So I paid $110.3047, will collect $2.75 interest during the year, and then sell it on Jan 24, 2014, hopefully at a higher price. I'm not going to calculate the exact price I expect (maybe later), let's say it's about 111. The gain would be the 2.75 interest plus 0.695 capital gain = 3.445 total gain, which works out to about 3.12% expect total return.

Fast forward to January 24, 2014. Here is the actual result

Code: Select all

B/S	Settlement	Maturity	Coupon	BID	ASK	YTM	Interest	Cap Gain	Total Gain	Total Return
SOLD 01/24/14	02/15/19	2.75%	105.5781	105.6250	1.507%
BUY 01/24/13	02/15/19	2.75%	110.2656	110.3047	0.993%	2.750	-4.727	-1.977	-1.79%
I got the 2.75 interest as expected, but since interest rates went up, there was a capital loss. Total return was -1.79%.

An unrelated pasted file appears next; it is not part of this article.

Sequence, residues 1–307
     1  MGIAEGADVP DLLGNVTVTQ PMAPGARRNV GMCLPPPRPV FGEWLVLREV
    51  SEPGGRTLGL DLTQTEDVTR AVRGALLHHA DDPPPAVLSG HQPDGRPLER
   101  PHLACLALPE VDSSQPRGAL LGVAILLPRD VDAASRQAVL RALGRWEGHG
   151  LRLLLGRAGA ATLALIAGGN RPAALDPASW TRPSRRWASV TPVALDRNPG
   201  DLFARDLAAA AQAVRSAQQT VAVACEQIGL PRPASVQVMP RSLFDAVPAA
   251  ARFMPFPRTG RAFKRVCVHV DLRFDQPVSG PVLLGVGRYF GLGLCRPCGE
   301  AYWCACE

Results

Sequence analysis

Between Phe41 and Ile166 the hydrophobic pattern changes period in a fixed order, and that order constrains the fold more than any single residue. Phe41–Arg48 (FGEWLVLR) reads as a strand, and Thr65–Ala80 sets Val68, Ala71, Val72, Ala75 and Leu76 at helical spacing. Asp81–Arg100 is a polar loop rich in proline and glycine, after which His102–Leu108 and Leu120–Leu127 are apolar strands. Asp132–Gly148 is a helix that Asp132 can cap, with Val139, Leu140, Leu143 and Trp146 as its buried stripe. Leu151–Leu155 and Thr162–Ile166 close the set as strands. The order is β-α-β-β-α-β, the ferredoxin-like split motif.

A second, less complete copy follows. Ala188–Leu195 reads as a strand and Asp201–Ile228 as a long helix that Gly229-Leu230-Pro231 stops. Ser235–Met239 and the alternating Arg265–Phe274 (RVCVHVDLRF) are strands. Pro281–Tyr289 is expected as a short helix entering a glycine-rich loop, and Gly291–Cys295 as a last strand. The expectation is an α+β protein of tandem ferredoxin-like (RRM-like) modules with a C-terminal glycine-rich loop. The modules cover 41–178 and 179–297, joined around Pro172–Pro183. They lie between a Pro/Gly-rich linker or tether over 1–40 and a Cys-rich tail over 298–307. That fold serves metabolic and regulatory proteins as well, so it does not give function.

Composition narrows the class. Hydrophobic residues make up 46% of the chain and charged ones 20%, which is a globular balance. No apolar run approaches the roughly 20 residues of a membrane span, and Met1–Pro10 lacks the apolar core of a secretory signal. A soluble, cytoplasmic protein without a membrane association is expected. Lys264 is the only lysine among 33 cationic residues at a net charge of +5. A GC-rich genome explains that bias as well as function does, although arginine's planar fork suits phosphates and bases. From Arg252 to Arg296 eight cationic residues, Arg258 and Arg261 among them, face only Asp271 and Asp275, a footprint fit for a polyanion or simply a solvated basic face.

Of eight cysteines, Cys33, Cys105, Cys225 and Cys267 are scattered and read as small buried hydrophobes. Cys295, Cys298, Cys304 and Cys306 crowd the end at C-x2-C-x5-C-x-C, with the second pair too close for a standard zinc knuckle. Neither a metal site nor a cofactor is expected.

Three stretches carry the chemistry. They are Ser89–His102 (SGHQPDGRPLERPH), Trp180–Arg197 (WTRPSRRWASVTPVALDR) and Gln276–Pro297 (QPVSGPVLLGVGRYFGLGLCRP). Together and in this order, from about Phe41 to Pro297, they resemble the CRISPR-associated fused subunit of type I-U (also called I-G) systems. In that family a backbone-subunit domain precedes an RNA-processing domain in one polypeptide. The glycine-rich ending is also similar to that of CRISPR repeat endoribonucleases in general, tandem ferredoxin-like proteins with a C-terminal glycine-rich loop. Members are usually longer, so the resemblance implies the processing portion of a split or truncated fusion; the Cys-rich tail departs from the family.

I hope this is clear. Gotta run!

linuxizer
Posts: 1553
Joined: Wed Jan 02, 2008 7:55 am

Re: Riding the Yield Curve

Post by linuxizer » Mon Jan 27, 2014 1:03 pm

grayfox wrote:I hope this is clear.
What good is a single year of data for anything?
grayfox wrote:Gotta run!
Fox indeed!

User avatar
grayfox
Posts: 4933
Joined: Sat Sep 15, 2007 4:30 am

Re: Riding the Yield Curve

Post by grayfox » Mon Jan 27, 2014 2:41 pm

linuxizer wrote: What good is a single year of data for anything?
It shows that "riding the yield curve" strategy is a crapshoot. The OP thought that it increases the returns of a bond portfolio by quite a bit (~1%) in a positive sloping yield curve like we have now.

Well the expected return may have been higher, but the actual result was to reduce the actual return by about -2% when interest rates rose. It's just making a bet on future interest rates using the naive interest rate forecast, i.e. yield curve one year hence will be the same as today.

Now if someone wanted to speculate on future interest rates, I think they would want a better forecasting model than that. Maybe take into account some other variables or that interest rates were at ultra low rates and more likely to rise. No if there is no good forecast model, why bother?